Global Program to Cut Energy Use Launched

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A new collaboration, launched today by CDP and the Institute for Industrial Productivity, will help reduce the energy used by the supply chains of some of the world’s biggest multinationals.

The value of using supply chains to drive change cannot be underestimated.

Six of the world’s biggest multinational companies will endeavor to increase energy efficiency across their supply chains through Action Exchange, a collaborative international project launched today. The companies participating in the first phase of the project are the Bank of America, L’Oreal, PepsiCo, Philips, Vodafone and Walmart.

The Action Exchange project is being implemented by CDP, the leading NGO providing the only global environmental disclosure system, in partnership with the Institute for Industrial Productivity (IIP) and the University of Minnesota. It will provide participating firms and their suppliers with tools and expertise designed to cut greenhouse gas emissions and improve their competitiveness.

IIP, an international NGO that specializes in industrial energy efficiency, says the value of using supply chains to drive change cannot be underestimated.

“Around 40 to 60 percent of a manufacturing company’s carbon footprint comes from its supply chain, but this number can be as high as 80 percent. These numbers could be significantly reduced through better energy efficiency practices,” says Jigar V. Shah, IIP’s Executive Director.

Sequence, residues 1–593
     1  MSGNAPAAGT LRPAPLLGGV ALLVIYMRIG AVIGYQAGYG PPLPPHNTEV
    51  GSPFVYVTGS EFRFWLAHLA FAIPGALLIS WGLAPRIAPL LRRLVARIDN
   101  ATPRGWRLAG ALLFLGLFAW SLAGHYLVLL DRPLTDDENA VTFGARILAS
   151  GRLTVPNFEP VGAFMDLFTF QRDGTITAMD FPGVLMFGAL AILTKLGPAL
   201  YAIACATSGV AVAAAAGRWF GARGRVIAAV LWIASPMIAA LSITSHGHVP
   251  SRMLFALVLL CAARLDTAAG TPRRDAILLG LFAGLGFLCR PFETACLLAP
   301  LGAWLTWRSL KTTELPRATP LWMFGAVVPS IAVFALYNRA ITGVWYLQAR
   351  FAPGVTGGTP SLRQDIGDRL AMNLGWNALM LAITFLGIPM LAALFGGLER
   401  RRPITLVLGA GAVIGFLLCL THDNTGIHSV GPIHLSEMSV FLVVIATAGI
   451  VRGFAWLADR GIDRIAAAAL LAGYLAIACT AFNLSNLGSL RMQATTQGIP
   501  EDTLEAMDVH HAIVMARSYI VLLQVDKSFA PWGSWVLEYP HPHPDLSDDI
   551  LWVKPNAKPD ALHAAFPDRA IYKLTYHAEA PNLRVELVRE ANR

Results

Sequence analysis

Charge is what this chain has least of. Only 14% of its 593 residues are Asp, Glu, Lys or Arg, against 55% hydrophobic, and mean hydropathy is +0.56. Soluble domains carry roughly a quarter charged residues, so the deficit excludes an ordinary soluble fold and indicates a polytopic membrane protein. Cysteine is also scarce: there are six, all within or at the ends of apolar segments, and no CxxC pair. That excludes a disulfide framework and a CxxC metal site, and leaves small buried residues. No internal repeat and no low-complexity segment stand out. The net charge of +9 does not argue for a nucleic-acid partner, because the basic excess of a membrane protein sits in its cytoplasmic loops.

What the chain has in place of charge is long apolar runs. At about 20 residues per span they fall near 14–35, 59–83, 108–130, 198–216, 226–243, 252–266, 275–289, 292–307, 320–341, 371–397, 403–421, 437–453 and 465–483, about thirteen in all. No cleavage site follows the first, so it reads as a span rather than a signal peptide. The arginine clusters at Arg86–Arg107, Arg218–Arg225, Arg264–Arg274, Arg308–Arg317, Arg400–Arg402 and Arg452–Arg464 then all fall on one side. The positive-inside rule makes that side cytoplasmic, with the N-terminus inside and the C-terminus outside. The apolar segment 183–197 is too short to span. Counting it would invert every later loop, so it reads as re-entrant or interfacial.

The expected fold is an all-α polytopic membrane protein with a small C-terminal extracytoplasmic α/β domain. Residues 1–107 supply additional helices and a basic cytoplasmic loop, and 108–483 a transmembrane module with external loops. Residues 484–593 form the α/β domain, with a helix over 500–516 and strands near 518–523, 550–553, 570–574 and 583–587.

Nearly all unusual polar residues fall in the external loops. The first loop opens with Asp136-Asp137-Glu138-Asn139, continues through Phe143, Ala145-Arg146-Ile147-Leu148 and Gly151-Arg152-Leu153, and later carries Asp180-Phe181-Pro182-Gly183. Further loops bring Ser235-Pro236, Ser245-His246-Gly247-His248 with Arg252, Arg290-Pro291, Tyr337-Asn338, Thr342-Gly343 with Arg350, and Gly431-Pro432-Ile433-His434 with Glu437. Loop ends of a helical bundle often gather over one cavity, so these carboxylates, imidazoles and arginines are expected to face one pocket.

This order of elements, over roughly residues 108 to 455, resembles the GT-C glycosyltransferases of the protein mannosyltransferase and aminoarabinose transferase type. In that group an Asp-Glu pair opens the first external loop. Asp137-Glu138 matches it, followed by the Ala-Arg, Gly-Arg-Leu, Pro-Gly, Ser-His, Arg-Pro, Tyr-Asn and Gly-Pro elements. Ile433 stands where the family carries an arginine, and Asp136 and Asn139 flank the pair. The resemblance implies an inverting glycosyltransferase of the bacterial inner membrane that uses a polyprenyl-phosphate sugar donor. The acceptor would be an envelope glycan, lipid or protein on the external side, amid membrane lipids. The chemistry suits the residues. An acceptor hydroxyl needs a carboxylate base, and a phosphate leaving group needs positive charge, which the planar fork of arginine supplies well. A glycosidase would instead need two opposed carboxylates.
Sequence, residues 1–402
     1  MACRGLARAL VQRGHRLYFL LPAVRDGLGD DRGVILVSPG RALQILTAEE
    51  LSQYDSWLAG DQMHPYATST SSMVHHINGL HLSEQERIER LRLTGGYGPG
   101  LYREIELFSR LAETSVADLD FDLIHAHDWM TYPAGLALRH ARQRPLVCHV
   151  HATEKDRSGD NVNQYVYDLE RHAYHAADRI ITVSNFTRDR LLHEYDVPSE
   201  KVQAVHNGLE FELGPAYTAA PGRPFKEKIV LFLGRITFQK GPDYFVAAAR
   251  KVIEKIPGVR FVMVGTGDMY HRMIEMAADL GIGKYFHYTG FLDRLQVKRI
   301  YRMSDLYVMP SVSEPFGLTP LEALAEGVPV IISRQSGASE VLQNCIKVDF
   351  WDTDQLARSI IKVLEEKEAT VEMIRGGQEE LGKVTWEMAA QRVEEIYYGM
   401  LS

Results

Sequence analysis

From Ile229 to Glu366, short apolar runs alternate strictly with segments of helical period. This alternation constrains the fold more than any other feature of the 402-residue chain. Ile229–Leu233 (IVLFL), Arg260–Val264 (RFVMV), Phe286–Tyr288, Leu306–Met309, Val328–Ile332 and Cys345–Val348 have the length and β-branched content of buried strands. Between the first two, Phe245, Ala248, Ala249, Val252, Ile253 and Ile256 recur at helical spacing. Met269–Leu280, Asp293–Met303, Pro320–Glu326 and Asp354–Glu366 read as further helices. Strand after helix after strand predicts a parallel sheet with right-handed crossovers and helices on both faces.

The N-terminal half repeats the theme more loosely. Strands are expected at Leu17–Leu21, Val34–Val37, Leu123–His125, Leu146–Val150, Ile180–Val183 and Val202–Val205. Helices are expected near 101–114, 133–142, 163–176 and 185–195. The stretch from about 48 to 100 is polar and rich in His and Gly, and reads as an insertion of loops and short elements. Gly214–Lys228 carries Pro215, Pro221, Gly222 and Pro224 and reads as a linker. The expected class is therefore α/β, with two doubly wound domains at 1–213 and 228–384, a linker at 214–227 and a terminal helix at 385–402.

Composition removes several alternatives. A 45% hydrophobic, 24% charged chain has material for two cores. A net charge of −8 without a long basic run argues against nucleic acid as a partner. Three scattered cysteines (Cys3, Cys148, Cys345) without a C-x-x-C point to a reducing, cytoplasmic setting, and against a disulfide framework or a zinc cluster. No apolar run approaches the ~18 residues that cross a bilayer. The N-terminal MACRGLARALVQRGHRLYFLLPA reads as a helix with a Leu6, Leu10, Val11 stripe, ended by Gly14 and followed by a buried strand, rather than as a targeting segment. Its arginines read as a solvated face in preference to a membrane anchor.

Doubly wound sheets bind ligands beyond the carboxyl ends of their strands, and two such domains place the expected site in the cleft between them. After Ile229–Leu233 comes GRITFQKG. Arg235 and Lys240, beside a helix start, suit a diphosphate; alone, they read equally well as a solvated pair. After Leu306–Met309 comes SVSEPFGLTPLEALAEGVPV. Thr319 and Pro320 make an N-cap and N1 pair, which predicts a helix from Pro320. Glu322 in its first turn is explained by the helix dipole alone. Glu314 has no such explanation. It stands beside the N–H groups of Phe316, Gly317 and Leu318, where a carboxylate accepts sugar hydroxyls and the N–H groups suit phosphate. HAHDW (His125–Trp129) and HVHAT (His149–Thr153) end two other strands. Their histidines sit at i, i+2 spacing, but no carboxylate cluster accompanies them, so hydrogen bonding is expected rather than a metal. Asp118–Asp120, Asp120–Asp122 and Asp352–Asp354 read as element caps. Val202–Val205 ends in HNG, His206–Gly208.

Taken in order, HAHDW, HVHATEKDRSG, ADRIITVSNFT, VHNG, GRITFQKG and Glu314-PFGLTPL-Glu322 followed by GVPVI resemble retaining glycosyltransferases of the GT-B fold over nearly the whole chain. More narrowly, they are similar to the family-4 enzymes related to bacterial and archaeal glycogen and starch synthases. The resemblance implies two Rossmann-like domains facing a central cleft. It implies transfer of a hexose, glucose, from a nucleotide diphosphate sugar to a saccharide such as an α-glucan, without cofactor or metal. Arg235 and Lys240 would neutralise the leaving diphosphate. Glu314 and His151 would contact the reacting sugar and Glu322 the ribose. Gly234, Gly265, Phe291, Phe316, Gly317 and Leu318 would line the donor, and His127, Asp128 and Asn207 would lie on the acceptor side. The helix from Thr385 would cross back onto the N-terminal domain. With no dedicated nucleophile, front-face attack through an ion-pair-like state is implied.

As part of Action Exchange, IIP will work with participating firms to help them improve energy efficiency in their supply chains by conducting assessments in suppliers’ facilities. As energy efficiency brings a host of other benefits, these companies can also expect to improve their profitability, productivity and competitiveness in the process.

The six firms participating in the first phase of the three-year project will lead the way for other companies to follow, as part of CDP’s groundbreaking project to enable suppliers to reap targeted cost and emissions reductions benefits.

According to CDP’s report, 'Collaborative Action on Climate Risk', also released today, almost three quarters of companies responding to their survey identified a current or future risk related to climate change. Despite this, investment in emissions reductions programs was reported to be going down, with regulatory issues stated as the major cause.

IIP says that, while firms have a key role to play in driving emissions reductions, governments also need to better regulate greenhouse gas emissions if real change is to occur.

“While some governments are taking action through regulation, it is out of proportion to the size of the task. The fact is that collective progress is not happening quickly enough to spur the transition to a clean energy economy. And each year that the status quo persists, the challenge becomes greater. Action Exchange will go some way to overcoming the barriers for firms but more collaborative action needs to be taken,” Dr Shah says.

The Action Exchange Project bears no cost for participating firms. It is being generously supported by the ClimateWorks Foundation and the Energy Foundation.

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